Apart from the unseasonably mild weather, on the surface of things, there appears to nothing unusual about the scenes at Druids Park, home of Gosforth Rugby Football Club - on the cusp of rural Northumberland - as first, second and third-teamers, plus youth-team players, are put through their paces on a Tuesday night in the middle of November.
Superficially at least, what is being seen is the sort of scenario that will have been repeated across the length and breadth of Britain, as amateur rugby players work on their fitness and their set-piece routines, as they put work behind them and press for a place in one of the weekend matches.
Under the glow of floodlights and light drizzle, the shiny playing surface looks immaculate as dozens of rugby players are put through a series of drills. But, it is only on closer inspection that it emerges that there is more to this place than meets the eye, because the centrepiece of Gosforth RFC's Druid Park is a state-of-the-art 3G artificial pitch.
It might not be the rugby purist's cup of tea and, indeed, opponents used to refuse to play on it, but Gosforth are proud of their director of rugby, Graham Crozier; and his colleagues are proud of their claim to fame. This reporter has headed out to see what all the fuss is about as the first team prepare for a Durham/Northumberland Division One meeting with table-topping Darlington.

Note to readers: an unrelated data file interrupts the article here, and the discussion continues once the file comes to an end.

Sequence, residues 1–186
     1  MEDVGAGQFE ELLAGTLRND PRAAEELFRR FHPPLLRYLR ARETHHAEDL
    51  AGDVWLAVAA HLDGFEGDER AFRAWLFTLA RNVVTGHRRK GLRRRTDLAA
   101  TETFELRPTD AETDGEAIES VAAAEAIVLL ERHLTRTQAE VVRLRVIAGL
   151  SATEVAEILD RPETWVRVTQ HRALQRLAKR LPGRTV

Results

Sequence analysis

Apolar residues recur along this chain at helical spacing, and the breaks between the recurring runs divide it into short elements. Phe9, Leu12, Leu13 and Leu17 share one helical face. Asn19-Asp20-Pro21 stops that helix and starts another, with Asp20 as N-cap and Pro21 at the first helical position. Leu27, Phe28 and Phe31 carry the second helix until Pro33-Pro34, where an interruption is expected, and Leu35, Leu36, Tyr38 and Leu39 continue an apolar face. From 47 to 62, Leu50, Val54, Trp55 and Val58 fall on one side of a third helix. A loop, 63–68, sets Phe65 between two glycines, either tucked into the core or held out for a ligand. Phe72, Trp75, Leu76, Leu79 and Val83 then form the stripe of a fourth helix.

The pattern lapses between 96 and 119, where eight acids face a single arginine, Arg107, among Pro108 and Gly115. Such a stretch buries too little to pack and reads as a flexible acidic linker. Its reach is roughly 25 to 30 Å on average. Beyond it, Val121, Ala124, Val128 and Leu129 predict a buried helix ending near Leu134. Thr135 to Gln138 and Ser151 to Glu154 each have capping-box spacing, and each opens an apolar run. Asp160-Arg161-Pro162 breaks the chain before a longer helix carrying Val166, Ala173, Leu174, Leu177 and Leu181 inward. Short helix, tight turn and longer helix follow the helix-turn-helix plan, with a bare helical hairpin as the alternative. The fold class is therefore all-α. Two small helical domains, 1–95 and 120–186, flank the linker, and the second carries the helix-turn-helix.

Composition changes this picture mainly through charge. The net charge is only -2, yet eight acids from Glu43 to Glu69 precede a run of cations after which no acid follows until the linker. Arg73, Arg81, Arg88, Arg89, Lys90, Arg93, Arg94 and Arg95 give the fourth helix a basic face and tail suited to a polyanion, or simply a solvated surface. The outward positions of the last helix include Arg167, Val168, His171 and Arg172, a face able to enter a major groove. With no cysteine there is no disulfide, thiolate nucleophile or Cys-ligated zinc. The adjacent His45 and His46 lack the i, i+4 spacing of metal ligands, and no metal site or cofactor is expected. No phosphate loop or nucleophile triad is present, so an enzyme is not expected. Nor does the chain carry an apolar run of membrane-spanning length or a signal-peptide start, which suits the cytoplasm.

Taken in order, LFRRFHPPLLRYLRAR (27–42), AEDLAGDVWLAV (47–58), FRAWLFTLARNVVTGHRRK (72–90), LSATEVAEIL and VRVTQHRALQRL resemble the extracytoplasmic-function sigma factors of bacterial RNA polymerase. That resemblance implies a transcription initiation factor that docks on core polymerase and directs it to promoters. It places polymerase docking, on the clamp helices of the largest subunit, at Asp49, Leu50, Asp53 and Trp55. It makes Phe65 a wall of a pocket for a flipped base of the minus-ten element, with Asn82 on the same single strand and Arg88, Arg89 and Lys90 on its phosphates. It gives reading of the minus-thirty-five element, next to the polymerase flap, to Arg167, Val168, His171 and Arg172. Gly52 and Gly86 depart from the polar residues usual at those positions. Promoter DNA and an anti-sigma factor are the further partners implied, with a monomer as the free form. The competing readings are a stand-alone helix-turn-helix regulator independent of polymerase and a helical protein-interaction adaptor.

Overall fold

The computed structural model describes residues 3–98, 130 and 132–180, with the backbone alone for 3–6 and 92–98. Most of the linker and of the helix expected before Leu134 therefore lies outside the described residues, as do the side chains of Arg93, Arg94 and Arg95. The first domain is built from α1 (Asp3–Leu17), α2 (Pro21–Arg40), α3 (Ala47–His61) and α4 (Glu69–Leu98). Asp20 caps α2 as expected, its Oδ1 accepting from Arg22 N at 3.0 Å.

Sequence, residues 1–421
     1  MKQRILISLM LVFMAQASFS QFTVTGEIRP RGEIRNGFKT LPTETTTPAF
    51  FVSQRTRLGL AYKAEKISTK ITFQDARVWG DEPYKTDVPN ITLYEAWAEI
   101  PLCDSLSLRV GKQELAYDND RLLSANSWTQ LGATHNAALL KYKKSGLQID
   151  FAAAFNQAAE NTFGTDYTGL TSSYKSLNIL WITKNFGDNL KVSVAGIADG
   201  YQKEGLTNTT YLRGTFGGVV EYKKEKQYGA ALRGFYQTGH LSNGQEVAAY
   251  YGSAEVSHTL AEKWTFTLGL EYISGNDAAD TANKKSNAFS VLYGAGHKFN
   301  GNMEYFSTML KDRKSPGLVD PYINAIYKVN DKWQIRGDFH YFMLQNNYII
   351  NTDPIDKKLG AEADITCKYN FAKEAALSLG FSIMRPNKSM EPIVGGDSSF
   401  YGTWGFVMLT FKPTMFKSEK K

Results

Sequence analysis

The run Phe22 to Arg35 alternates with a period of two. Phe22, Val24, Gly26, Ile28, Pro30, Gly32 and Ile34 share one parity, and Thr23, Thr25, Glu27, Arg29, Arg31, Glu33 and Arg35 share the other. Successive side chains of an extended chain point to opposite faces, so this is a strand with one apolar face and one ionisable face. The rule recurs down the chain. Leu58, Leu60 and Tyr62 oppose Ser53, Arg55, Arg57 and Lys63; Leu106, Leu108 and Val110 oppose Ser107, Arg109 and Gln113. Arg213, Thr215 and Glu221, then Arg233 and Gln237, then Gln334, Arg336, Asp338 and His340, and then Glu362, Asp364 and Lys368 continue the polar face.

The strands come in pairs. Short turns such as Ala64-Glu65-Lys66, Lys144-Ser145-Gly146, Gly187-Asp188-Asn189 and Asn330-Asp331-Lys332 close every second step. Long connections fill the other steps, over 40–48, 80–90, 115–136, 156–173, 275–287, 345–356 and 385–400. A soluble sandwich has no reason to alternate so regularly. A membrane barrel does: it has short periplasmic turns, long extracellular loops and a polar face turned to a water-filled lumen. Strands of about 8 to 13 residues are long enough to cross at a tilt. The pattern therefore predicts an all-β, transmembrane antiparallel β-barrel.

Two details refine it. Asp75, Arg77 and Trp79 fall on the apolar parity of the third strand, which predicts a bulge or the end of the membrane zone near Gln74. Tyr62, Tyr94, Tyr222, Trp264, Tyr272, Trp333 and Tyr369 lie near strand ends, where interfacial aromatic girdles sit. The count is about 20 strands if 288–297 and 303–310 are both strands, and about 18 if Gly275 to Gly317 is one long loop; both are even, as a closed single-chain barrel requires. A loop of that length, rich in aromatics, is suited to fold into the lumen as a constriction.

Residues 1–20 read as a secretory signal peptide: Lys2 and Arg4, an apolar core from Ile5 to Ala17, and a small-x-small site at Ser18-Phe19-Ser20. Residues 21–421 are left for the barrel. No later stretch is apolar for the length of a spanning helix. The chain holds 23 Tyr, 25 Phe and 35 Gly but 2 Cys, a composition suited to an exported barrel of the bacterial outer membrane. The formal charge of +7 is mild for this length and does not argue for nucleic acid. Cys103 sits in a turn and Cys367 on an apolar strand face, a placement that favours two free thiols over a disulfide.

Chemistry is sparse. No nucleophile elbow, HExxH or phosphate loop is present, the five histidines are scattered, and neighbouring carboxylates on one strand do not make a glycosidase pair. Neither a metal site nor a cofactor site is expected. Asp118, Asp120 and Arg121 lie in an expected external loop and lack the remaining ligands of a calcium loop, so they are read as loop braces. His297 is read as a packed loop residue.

"It is something we are very proud of, it makes the club look good, and I hope to God it helps us flourish," Graham told me as we stroll around the glistening pitch. "It is a wonderful surface and, when teams arrive, they are bowled over by how good the facilities are. What a place it is. It gives us a wow factor."
The pitch cost in the region of £400,000 to install four years ago, when the club was taken under the wing of Premiership outfit, Newcastle Falcons, but provoked an angry backlash from Gosforth's rivals who, initially, won the right not to play on the controversial surface.
"Once it was laid, we held a ten-a-side tournament, when we invited all the sides in the league to play on the pitch and have a bloody good day, I am proud to say that I scored the first try ever to be scored on the artificial pitch; I think I got the second one as well," Graham recalled.
"But there were a lot of objections from the teams in the league at the time. They didn't want to play on it, and were supported by a Rugby Football Union directive saying they didn't actually have to, and that they could play us on grass if they wanted to. A few teams refused to play on it, and we had to hire the grass pitch at nearby Bullocksteads to play those fixtures."
"The following season an RFU/IRB directive dictated that teams could not object to playing on it."